Well, at first I thought it started out a little slow, but it does pick up towards the end. The ending and entire story line is pretty cliche though. What I found the most interesting was the view into the lifestyles in Shanghai, China, in the early 1990s. I won't be reading any more of this author though, because I felt the story dragged and could easily have been completed in about half the number of pages. Although, that too, may have been deliberate to draw attention to the way things work in China.
The mysteries in these books are secondary to the descriptions of Chinese culture, food and politics.The endings are reminiscent of John LeCarre. Justice is a incomplete idea and never fully realized. Political realities always take precedence.
Perhaps it says something about me but despite those endings Qiu is my favorite author .
This book introduces us to Inspector Chen, a police officer in a China of 1990. China is changing, but the old cadres still have power. Chen must fulfill his desire to do the right thing within the law without antagonizing those in power. Chen is a very interesting character, a man who lives alone, has a widowed mother, and would have preferred to spend his life in academia. He is a poet who has become recognized and published a few times. The young woman whose death Chen must investigate has been a paragon, a national role-model worker. Who has killed her and why? The book is filled with political intrigue and fascinating characters; I enjoyed Death of a Red Heroine.
An interesting story on some fronts, but not as well written as I had expected. The story is too long and drawn out, repetitive and amateurish to some degree. It seems that the author had some important things to say, but was afraid of really asserting himself and exposing the massive corruption that permeates all aspects of Chinese bureaucracy.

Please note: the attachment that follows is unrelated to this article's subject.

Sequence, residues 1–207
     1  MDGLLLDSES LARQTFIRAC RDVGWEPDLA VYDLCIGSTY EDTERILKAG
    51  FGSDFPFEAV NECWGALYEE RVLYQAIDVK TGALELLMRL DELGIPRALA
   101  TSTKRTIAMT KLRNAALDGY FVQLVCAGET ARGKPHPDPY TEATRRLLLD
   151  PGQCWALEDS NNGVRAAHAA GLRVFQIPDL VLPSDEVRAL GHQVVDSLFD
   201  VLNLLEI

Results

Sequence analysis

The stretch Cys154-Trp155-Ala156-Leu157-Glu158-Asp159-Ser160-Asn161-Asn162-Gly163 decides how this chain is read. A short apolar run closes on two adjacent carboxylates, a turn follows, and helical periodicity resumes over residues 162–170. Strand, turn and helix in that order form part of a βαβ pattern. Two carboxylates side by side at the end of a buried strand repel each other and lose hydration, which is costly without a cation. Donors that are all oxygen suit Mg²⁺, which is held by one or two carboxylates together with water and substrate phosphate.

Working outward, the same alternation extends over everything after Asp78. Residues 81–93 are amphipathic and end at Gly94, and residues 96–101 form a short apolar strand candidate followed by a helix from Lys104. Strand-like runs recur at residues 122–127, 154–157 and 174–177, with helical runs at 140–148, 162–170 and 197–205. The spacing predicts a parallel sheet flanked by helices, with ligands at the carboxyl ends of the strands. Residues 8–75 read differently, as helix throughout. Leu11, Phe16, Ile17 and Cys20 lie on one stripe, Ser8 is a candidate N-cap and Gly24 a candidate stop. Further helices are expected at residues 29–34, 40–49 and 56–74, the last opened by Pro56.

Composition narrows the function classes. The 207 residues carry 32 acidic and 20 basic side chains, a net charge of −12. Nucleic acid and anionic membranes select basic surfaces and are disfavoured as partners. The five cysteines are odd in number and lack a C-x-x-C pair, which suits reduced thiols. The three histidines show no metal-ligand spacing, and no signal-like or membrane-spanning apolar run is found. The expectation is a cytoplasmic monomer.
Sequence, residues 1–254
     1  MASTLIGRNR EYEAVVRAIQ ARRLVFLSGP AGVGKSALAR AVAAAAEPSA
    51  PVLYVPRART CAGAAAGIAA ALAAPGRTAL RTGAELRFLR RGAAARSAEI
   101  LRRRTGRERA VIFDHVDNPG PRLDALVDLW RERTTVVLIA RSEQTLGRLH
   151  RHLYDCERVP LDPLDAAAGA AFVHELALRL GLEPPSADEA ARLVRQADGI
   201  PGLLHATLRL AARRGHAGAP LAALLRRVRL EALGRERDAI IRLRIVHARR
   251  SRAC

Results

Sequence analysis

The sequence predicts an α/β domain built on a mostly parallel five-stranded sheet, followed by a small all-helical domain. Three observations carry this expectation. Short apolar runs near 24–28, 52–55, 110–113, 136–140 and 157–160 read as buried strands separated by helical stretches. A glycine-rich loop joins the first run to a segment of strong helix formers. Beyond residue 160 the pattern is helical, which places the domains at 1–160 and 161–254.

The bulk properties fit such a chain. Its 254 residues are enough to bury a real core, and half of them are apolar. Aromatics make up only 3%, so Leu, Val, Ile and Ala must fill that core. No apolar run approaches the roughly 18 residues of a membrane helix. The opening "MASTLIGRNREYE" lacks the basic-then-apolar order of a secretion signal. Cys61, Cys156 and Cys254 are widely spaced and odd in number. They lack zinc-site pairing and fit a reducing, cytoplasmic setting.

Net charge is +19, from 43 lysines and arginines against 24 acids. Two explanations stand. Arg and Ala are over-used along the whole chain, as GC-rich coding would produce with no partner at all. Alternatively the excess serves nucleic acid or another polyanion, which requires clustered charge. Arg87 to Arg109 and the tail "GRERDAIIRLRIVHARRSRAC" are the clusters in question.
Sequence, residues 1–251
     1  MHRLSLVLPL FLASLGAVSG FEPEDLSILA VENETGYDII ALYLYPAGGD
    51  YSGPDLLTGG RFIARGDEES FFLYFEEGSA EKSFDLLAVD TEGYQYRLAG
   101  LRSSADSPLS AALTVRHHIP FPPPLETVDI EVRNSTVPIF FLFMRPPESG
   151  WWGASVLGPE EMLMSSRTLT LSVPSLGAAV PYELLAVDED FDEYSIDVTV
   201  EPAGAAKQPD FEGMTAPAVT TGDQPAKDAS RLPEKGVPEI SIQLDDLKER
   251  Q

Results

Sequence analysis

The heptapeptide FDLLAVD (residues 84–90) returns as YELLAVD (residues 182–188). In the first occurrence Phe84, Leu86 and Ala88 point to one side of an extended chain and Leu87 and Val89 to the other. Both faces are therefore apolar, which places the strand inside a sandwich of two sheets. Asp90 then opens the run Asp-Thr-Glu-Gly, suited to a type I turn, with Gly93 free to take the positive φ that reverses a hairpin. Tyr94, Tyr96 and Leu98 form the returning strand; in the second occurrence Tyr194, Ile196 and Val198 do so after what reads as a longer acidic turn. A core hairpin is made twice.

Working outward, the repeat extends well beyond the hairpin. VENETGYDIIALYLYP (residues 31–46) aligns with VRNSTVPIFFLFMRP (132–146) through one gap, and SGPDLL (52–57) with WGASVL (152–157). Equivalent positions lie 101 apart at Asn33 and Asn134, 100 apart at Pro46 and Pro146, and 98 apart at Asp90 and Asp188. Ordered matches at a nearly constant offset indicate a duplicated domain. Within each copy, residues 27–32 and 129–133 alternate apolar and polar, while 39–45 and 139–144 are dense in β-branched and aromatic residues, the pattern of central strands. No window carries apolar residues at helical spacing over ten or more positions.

Excellent book, much better than I expected. Prose is clear and concise. Not only does the author hooks you with the murder investigation, but he also gives you a clear glimpse of what life was like in Shanghai during the early 90's. This is a book that will please not only murder/mystery fans but readers of good fiction in general.
Ugh, I was SO unimpressed with this book. It was simply too political, and probably could have been shortened by a third. I felt vaguely involved with the characters and with the ending, but I found myself skimming towards the end.
In my opinion, there are two main types of mysteries out there today. When I say the word "murder mystery", most people's minds jump to the traditional "whodunnit", in which the protagonist(s) attempt to discover who the killer is/are. In the other, popularized by the television series "Columbo", the "howdunnit" makes little to no secret over who the villain is the point of the novel is to watch as our protagonist puts the pieces together and attempts to prove that the antagonist is guilty despite their efforts to cover up their crime.
In "Death of a Red Heroine", author Qiu Xiaolong attempts to marry the two and put his own spin on it. The young woman found murdered outside of Shanghai turns out to be a Model Worker, someone who the Party has held up as someone whom the Chinese population should use as an example in their own lives. Inspector Chen faces his first big case in his new job. He has to figure out who the victim is and then who killed her, and why. Meanwhile, two large questions hang overhead is the person he has targeted as his prime suspect actually guilty ("whodunnit") and will the Communist Party allow him to arrest his prime suspect if it turns out to be the correct action, given his position and status? (Add some angst in his personal life to keep him on his toes.)
Having grown up in a capitalistic society, governed in accordance with those of a Republic and a Democracy, I was certainly interested in (in my opinion) the main character of this novel The Communist Party of the People's Republic of China. EVERY decision, every action is either predicated on "What is in the best interests of the Party?" or "How will the Party react to this action?" (Sometimes augmented with "... if they find out.") It's not an attitude I am used to, nor do I believe I could tolerate. However, it added a unique and interesting aspect to what would have been a decent, but unassuming novel.
In my opinion, it's worth a try. Enjoy it. And I'll be looking forward to the second book in the series.